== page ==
The Department of Parking and Transportation enforces the University’s parking regulations, sells parking passes to faculty and staff, monitors parking areas, assesses fines and penalties, and may revoke parking privileges. The first citation in every twelve-month period is a warning with the exception of those issued for handicapped space or fire lane violations. To insure the citation is a warning, call 924-7231.

Parking is difficult on or near the central Grounds of the University. Visitors to the University may use the Central Grounds Parking Garage on Emmet Street, the Ivy Road Parking Garage, the Culbreth Road Garage, or the Medical Center Parking Garage off of Jefferson Park Avenue or metered parking areas, as well as various departmental sponsored areas throughout the Grounds.

Faculty and staff may purchase parking permits of various types for reserved lots and large commuter lots which are serviced by the University Transit Service (UTS), also administered by Parking and Transportation. Obtaining a space in a particular lot depends upon when space becomes available and when the name of the faculty or staff member was placed on the waiting list. UTS provides transportation to all major areas of the University and also serves many off-Grounds residential areas.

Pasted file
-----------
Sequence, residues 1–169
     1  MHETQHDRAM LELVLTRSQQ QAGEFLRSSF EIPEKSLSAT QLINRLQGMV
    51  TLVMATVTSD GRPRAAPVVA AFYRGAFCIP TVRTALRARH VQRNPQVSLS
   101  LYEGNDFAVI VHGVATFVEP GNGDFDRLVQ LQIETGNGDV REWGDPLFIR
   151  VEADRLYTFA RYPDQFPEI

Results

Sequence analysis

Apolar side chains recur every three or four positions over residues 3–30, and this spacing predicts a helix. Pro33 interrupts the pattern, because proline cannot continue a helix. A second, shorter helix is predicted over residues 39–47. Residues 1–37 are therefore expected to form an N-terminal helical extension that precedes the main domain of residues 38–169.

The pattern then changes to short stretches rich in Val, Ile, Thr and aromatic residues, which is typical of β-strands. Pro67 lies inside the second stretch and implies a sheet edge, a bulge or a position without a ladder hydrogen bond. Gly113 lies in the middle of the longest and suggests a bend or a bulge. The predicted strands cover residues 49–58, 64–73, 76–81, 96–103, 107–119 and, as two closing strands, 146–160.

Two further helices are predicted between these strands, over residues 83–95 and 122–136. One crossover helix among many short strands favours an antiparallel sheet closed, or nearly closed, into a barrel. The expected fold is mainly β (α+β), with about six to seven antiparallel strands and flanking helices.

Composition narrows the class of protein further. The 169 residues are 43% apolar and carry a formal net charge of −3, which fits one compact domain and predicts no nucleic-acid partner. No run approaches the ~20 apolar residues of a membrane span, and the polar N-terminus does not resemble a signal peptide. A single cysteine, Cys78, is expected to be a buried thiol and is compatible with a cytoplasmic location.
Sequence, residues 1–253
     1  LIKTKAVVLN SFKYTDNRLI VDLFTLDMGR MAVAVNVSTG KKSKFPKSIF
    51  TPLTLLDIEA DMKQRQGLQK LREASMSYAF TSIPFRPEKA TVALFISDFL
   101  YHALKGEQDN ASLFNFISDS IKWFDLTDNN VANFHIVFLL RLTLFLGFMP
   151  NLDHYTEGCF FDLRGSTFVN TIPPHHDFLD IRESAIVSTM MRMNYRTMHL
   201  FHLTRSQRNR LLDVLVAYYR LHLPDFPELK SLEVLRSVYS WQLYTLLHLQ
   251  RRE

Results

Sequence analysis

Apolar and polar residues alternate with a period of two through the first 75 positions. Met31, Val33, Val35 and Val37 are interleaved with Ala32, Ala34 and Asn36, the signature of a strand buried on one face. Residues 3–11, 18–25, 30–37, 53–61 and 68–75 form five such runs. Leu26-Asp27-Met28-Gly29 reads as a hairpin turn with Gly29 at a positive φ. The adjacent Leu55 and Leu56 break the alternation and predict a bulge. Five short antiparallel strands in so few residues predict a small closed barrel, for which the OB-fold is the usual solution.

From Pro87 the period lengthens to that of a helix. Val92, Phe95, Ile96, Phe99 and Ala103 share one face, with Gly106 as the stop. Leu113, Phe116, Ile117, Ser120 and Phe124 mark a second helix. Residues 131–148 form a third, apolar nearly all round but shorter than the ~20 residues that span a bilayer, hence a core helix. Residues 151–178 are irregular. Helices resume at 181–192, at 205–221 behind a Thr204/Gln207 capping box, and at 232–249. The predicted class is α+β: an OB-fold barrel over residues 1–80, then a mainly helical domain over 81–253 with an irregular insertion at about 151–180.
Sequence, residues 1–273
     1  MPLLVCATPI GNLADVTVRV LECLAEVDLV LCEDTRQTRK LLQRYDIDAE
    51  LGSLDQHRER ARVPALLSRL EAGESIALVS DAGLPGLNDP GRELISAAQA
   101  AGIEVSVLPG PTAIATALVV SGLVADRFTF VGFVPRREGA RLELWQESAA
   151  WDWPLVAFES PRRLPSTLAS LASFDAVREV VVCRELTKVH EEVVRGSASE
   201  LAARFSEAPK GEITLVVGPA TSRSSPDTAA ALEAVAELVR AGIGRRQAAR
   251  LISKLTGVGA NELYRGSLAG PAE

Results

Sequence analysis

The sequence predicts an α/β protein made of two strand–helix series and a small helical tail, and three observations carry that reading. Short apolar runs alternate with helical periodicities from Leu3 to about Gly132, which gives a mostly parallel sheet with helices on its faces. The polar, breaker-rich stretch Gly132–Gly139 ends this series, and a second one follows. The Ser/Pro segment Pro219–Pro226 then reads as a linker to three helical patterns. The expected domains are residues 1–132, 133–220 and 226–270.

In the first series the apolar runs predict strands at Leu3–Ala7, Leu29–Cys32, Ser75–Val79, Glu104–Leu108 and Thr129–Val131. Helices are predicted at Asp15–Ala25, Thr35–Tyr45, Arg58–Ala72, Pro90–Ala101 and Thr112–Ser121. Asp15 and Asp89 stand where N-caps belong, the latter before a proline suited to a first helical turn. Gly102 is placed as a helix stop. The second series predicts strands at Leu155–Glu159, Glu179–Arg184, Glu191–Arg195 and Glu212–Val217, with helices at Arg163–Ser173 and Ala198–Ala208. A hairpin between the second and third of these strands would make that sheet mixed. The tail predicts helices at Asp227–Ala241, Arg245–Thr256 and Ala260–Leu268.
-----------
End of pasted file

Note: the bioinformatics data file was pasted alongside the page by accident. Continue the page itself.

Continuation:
In some cases, parking areas may be reserved after the normal hours of 7:30 a.m. to 5:00 p.m. for cultural events, weddings, and meetings by contacting Parking and Transportation. Such areas are posted during the reserved periods. Areas around Scott Stadium are reserved and no parking is permitted after 1:00 a.m. on any day of a home football game; similar policies apply to certain parking areas in and around the John Paul Jones arena when events are scheduled to take place there.

University of Virginia students, faculty and staff can ride the Charlottesville Area Transit (CAT) for free with a valid U.Va ID. This program, funded by the University of Virginia, makes it easier for the U.Va community to get around Charlottesville and reduce traffic and pollution by not using their own vehicles. Check out the Charlottesville Area Transit website to find the route that best serves your need, and use their Bus Tracking system to get bus arrival predictions just like with the UTS Hoos Where system.